National Taekwon-Do Alliance UK

Head Office, Ground Floor, Literary and Social Institute, Queens Road, East Grinstead, West Sussex, RH19 1BG.

Associated Schools

Tel: 01342302192

Taekwon-Do History

Technically, 1955 signalled the beginning of Taekwon-Do as a formally recognized art in Korea. On the 11th of April 1955, a special board was summoned by General Choi to decide on the unified name of Taekwon-Do. After much debate, the five major Kwans, Chung Do Kwan, Oh Do Kwan, Song Moo Kwan, Chang Moo Kwan, Ji Do Kwan, and Moo Duk Kwan accepted the name because it closely resembled the name of the ancient Korean martial art, Tae Kyon. This single unified name of Taekwon-Do replaced the different and confusing terms, such as Dang Soo, Gong Soo, Taek Kyon, and Kwon Bup.
In 1961, the Korean Taekwon-do Association was formed with General Choi as its President. During the next few years, he led Taekwon-do demonstration teams throughout the world. In 1965, the South Korean government gave approval to General Choi’s martial art and declared it as Korea’s National martial art. Shortly after the formation of the KTA he authored the first book ever on Taekwon-Do, written in both Korean HanGul and Chinese HanJa. This book documented the first five Korean Patterns he created along with the assistance of the soldiers under his command. (Hwa-Rang, Chung-Mu, Ul-Ji, U-Nam and Sam-Il). This historic book is on display in the museum history section of the Taekwondowon in MuJu Korea. General Choi would go on to author several other books, including the 1972 textbook that became known as the “bible of Taekwon-Do”, the unprecedented 15 Volume Encyclopaedia of Taekwon-Do in 1983, several condensed versions of that work, his 3 Volume Set of Memoirs, as well as a Guidebook on Moral Culture.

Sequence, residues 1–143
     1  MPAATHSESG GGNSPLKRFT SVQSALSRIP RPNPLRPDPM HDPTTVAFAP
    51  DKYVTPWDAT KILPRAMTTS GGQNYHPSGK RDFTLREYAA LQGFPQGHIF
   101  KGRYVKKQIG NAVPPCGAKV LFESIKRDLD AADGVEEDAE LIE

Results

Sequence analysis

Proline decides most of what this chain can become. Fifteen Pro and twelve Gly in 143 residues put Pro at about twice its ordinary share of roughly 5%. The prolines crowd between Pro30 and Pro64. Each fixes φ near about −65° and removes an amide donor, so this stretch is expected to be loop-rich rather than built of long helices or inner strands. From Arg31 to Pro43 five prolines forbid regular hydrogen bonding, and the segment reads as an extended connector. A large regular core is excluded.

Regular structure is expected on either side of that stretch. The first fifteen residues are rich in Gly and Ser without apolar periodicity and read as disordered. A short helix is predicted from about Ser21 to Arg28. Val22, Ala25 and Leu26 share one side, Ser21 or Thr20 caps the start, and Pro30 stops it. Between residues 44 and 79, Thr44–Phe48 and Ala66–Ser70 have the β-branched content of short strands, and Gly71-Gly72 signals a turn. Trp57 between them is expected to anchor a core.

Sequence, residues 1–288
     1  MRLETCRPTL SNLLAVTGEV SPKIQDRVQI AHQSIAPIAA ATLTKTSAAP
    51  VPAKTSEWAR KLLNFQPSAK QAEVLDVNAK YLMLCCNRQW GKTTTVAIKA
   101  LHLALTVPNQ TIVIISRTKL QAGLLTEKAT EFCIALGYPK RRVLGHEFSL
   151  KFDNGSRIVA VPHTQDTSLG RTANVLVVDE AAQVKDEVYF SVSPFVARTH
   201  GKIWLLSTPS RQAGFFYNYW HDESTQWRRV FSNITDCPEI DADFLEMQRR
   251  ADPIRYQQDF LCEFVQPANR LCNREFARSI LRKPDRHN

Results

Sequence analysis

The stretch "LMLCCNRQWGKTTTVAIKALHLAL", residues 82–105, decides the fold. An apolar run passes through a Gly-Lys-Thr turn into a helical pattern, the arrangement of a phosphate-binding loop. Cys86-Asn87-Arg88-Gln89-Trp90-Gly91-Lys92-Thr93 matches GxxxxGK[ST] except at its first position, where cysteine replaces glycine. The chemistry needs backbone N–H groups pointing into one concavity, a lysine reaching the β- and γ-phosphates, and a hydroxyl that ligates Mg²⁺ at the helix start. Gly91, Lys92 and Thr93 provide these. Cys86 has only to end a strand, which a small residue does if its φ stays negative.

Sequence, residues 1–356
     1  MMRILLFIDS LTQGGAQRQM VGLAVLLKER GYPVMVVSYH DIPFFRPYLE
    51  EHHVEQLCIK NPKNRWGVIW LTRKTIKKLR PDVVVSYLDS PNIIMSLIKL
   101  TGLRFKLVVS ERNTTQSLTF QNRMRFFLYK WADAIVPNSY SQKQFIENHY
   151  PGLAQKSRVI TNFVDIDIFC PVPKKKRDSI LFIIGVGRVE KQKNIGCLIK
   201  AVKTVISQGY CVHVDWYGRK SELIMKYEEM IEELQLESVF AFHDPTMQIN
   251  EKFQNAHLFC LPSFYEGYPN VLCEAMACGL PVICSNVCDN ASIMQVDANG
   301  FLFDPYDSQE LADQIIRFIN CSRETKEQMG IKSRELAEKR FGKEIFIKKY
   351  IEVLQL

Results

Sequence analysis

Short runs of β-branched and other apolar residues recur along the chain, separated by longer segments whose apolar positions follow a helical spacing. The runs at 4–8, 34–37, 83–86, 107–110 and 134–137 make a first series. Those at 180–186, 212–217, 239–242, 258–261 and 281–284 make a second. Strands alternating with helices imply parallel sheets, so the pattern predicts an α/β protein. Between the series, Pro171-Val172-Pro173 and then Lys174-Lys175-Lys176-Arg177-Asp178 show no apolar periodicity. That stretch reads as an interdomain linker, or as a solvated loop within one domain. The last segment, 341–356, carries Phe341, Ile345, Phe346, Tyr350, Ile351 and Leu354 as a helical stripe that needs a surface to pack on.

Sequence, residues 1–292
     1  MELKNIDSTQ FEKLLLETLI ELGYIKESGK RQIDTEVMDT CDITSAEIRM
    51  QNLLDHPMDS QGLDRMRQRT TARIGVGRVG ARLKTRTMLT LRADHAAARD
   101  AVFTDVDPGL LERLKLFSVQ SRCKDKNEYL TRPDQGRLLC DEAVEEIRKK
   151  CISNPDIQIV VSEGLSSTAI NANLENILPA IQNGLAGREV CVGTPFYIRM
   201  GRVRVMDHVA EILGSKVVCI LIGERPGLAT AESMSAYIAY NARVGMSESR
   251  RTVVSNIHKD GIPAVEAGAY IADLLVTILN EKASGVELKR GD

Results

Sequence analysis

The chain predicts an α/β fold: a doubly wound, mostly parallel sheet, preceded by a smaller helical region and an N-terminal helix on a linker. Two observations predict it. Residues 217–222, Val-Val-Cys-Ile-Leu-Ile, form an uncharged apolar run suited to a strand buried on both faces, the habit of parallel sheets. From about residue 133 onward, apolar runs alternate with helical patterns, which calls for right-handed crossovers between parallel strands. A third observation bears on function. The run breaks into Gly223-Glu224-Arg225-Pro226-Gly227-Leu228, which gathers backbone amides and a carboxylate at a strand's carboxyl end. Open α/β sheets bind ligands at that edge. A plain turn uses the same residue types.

In 1962 due to political issues in Korea he was required to take a post as the ambassador to Malaysia where he continued to promote and promulgate Taekwon-Do and consequently even today Taekwon-Do is a very popular Martial Art in that country. In 1965 he returned to Korea and in 1966 he established the International Taekwon-Do Federation and took several demonstration teams around the World to promote the Art. Nonetheless in 1972 he chose to seek asylum while on a tour to Canada and subsequently moved the headquarters of the ITF first to Toronto, Canada and then to Vienna in Austria. The South Korea government under the leadership of Park Chung-Hee with whom Choi Hong Hi had significant problems, responded by forming a new organisation, the World Taekwondo Federation (WTF), based in Seoul and led by the infamous Un Yong Kim who was an agent of the KCIA. General Choi’s efforts took Taekwon-Do to places like Eastern Europe, the Soviet Union and China during the “Cold War” era. This groundbreaking work has led to some of these Nations being powerhouses in Taekwon-Do today.

Choi’s final years were marked by his efforts to return to North Korea. He introduced taekwondo there in 1980, and won further favour with the government by changing the name of one solo practice form from kodang (after a North Korean democratic Christian moderate, presumed slain by the Red Army in 1946) to juche (after the isolationist policy of “self-reliance” advocated by North Korean leader Kim Il-Sung). Though Choi’s intention had been reconciliatory, unfortunately South Korea saw it as treasonous.

Shortly before his death in Pyongyang, the North Korean capital, Choi was able to announce through the ITF website, “I am the man who has the most followers in the world”: be that as it may, the impact of taekwondo, with 50m practitioners after 50 years of existence, is undeniable. After a life dedicated to the development of Taekwon-Do, a modern martial art based on traditional values, philosophy, and training, General Choi, Founder of Taekwon-Do and President of the International Taekwon-Do Federation, died on June 15th, 2002, in the country of his birth.